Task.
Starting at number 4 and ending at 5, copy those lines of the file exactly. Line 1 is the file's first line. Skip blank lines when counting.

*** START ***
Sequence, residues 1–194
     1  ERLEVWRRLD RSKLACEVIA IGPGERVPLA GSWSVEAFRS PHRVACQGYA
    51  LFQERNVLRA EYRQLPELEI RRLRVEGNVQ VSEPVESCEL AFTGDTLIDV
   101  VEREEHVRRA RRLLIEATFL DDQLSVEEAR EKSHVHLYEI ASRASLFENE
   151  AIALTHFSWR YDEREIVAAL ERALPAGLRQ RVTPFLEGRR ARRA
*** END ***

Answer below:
   101  VEREEHVRRA RRLLIEATFL DDQLSVEEAR EKSHVHLYEI ASRASLFENE
   151  AIALTHFSWR YDEREIVAAL ERALPAGLRQ RVTPFLEGRR ARRA